After running hard in 2017, global equity markets may find it more difficult to maintain pace in 2018. Although we think the economic backdrop is likely to remain largely unchanged in the new year, we see a more entrenched global economic recovery giving central banks more leeway to withdraw stimulus.
This past year, the information technology sector and other growing areas of the market have benefitted from optimism about the global economic recovery and improving corporate earnings.
We’ve also seen ebbing political and policy fears. The populist impulse that characterized 2016 looks to have receded. In 2017, a number of world leaders from Chancellor Angela Merkel in Germany to Prime Minister Shinzo Abe in Japan won reelection.
As economic conditions have continued to improve in Europe and parts of Asia, we have seen markets outside the United States push into the lead. Emerging markets also began to outperform in 2017, amidst sturdy growth in China and India and a turnaround in Brazil.
Why the Favourable Global Backdrop Should Persist in 2018
As we near 2018, we think the global economy can continue to hum along. According to the International Monetary Fund, the pace of global economic growth is likely to remain steady in 2018, with global gross domestic product growing a projected 3.7% in 2018 after expanding 3.6% in 2017.1
Based on projections, we think the United States is likely to see solid growth, low inflation and limited wage growth, while in Europe the economic expansion can become further entrenched. Growth in China may weaken modestly amidst a slowdown in the property market and government investment.
In addition, we think Chinese President Xi Jinping is likely to continue the government’s crackdown on corruption and the shadow banking system. We believe Xi has carefully orchestrated the implementation of both of these measures so as to not rattle markets.
In Japan, the global economic expansion has fed through to a better equity market performance in 2017. However, the country has an aging population and limited immigration policies that have led to labour shortages that have kept the recovery anemic.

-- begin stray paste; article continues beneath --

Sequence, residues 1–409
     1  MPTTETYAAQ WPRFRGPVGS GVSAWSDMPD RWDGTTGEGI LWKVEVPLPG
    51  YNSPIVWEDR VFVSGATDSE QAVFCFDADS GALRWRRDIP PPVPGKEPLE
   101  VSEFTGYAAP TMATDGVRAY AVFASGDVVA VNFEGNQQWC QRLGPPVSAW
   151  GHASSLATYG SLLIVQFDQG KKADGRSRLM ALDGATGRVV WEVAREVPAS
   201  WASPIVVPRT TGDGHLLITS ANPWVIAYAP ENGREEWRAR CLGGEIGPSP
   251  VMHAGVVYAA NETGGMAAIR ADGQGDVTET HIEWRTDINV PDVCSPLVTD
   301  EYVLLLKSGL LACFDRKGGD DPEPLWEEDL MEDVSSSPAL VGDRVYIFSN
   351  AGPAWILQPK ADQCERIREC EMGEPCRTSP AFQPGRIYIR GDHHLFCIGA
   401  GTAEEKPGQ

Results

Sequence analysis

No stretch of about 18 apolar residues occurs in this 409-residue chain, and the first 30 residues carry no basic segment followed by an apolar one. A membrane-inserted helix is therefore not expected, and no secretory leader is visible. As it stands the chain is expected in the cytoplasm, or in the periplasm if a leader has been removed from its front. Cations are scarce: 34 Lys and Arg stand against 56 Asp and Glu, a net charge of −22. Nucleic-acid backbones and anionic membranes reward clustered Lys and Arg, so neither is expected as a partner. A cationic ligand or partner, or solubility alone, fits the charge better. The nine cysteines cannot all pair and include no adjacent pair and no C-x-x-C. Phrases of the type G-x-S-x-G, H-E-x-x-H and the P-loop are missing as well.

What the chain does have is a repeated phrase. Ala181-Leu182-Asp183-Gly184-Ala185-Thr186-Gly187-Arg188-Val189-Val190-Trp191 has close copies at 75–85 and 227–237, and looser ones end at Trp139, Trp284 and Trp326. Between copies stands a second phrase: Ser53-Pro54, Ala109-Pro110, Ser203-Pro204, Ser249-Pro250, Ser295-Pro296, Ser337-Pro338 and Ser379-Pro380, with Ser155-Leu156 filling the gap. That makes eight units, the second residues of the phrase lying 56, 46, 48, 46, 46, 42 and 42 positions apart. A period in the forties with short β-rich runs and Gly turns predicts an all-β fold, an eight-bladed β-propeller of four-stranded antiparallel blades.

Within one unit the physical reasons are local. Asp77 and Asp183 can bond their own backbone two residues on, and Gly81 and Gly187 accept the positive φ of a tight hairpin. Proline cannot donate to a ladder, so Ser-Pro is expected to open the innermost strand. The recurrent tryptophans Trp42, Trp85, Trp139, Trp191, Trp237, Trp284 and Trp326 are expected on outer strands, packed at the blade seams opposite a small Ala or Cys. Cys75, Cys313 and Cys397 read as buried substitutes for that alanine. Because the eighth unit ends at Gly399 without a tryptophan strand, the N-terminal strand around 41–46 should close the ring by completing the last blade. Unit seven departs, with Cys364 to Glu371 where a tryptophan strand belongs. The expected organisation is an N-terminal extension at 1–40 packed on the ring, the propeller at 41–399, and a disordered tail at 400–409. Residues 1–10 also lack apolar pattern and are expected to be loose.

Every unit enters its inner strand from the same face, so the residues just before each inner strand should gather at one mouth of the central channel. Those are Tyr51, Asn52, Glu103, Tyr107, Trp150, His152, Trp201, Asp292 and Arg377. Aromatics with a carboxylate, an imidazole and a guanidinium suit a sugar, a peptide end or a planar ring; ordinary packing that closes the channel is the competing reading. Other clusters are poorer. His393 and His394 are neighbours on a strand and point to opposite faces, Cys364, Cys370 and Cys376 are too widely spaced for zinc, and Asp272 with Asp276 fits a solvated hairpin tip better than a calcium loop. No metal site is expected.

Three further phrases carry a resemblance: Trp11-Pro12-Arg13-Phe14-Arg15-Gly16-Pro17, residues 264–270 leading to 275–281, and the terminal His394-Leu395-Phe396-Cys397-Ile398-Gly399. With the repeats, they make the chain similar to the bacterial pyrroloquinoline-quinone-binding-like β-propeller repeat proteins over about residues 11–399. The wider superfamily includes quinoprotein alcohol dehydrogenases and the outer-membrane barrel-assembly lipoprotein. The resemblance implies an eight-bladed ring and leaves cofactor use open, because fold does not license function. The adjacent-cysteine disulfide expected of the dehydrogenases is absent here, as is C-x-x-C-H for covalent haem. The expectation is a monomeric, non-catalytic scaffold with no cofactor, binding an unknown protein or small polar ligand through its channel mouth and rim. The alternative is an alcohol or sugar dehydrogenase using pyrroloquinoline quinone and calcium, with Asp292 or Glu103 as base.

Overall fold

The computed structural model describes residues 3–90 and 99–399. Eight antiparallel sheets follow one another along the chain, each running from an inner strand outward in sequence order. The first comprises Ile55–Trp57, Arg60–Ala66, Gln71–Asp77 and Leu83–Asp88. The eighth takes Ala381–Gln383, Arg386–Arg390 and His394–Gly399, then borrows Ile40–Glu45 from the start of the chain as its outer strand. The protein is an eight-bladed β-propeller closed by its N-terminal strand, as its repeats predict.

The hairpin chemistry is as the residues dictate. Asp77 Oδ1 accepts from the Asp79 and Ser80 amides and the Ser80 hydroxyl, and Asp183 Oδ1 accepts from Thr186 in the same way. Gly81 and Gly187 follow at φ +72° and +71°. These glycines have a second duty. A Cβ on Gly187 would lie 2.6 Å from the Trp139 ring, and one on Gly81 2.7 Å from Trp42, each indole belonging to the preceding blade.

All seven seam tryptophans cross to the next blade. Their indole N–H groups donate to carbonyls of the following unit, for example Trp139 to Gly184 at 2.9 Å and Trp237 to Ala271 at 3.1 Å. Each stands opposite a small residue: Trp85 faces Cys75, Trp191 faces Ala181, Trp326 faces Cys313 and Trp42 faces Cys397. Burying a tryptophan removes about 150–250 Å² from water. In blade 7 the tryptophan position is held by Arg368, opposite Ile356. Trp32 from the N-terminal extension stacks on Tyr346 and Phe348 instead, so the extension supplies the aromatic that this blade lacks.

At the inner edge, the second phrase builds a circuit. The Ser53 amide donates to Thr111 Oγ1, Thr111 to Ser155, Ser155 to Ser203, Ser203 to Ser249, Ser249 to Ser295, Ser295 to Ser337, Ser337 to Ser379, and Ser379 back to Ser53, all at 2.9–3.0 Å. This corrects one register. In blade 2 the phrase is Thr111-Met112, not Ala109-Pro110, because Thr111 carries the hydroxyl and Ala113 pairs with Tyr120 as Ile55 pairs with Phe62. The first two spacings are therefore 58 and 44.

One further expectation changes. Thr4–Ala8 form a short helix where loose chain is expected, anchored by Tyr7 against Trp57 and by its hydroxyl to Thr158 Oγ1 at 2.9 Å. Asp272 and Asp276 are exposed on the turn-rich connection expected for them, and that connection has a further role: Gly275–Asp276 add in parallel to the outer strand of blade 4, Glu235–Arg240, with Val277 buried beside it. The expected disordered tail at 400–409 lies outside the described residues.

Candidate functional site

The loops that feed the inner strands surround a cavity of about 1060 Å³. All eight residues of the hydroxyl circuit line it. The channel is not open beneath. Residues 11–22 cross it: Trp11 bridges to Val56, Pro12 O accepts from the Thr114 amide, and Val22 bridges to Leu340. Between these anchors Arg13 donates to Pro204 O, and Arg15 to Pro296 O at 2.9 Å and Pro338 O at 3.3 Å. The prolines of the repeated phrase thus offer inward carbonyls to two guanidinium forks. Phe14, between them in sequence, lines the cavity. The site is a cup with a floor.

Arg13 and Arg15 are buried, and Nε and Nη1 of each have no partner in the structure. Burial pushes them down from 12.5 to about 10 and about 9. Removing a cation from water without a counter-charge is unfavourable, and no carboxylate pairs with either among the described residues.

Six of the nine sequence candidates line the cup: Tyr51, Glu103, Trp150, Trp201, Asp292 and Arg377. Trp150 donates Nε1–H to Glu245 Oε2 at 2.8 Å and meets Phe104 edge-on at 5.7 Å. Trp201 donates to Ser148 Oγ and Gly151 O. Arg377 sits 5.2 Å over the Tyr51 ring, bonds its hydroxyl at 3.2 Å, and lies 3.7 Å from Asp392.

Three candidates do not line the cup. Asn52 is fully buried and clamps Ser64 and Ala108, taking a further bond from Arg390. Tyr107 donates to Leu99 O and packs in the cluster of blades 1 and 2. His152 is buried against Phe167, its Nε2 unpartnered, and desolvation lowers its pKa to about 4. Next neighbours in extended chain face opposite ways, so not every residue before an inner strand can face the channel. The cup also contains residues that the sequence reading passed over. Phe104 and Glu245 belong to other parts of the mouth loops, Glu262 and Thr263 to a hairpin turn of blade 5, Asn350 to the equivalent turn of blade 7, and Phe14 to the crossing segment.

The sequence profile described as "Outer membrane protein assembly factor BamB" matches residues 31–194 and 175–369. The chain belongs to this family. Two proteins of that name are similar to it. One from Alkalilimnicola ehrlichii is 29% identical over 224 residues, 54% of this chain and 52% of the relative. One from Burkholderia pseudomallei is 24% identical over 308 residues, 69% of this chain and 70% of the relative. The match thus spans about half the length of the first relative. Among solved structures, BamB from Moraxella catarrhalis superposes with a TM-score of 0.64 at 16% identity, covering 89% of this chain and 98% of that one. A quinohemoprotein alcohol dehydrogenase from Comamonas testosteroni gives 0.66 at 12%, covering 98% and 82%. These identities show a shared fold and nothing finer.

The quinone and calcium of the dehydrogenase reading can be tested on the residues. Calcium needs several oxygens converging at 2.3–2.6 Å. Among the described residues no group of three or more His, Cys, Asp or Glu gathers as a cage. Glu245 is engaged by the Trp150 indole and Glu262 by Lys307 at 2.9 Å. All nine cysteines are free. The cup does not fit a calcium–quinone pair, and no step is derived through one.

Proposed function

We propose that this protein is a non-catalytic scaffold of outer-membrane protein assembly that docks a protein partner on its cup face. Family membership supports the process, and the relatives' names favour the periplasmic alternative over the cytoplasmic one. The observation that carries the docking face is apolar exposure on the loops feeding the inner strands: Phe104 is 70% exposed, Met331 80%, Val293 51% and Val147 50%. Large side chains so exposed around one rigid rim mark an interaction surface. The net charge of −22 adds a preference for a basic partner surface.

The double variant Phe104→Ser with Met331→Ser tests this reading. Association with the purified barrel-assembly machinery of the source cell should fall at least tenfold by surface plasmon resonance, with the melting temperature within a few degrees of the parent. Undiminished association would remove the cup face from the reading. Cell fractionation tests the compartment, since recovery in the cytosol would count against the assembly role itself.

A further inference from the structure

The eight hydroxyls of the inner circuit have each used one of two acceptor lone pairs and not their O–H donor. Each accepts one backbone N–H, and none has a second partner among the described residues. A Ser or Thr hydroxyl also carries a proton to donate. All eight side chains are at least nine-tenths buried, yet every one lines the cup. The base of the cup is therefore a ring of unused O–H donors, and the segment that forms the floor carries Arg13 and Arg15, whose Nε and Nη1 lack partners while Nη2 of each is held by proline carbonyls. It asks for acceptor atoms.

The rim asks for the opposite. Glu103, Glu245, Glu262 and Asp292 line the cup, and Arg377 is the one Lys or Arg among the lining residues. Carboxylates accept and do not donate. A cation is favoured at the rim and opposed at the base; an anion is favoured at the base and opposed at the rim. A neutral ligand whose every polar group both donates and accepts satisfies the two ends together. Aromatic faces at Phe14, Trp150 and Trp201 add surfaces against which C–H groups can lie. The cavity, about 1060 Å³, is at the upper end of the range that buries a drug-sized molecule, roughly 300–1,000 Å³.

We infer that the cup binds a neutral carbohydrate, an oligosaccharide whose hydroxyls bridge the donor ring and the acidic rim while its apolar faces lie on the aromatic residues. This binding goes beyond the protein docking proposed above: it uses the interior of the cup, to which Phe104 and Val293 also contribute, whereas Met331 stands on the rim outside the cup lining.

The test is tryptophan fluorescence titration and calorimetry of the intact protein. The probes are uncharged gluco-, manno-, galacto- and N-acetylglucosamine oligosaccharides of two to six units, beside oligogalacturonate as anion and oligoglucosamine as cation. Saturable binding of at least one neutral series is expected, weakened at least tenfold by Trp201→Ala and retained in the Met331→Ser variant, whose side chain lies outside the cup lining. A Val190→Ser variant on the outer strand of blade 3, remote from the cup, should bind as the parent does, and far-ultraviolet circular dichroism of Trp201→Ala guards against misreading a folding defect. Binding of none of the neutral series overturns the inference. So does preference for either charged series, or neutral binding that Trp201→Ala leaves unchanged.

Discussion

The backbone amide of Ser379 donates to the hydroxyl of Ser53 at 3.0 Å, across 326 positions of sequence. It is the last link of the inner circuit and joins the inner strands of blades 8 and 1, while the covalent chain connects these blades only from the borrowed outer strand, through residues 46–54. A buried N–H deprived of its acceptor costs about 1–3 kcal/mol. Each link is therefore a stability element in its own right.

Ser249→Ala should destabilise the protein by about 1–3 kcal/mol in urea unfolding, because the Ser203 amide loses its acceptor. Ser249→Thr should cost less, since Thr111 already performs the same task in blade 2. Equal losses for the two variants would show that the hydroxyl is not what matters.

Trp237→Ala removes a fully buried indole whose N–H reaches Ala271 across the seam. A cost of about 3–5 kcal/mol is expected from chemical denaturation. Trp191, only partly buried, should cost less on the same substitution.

As a result, we think Japan may be the only economy to still maintain an extraordinary monetary policy throughout 2018. Although the focus on the yield curve has led to fewer bond purchases, the Bank of Japan may have little choice but to continue to inject significant amounts of liquidity into an economy that remains beset by demographic challenges.
In contrast, monetary policy in the United States by the end of 2018 may look almost normal, with the US Federal Reserve likely to hike rates two to three times while continuing to shrink its balance sheet.
We also expect the European Central Bank to likely be in a place to end its quantitative easing programme and begin policy normalisation by the end of 2018. However, at this time, it’s unclear how markets will react as balance sheets are unwound and quantitative easing ends.
Finding Value in Global Equity Markets
We believe this rosier global outlook is largely priced into global equities. The US market is looking the most expensive to us at a time when US corporate earnings are already well past their prior peaks. In our view, many other markets are less expensive, but more fairly valued on a historical basis and will need to see a significant pickup in earnings growth to continue their run. And with the US market having gone more than a year without a major correction, we see the heightened potential for the advance to falter.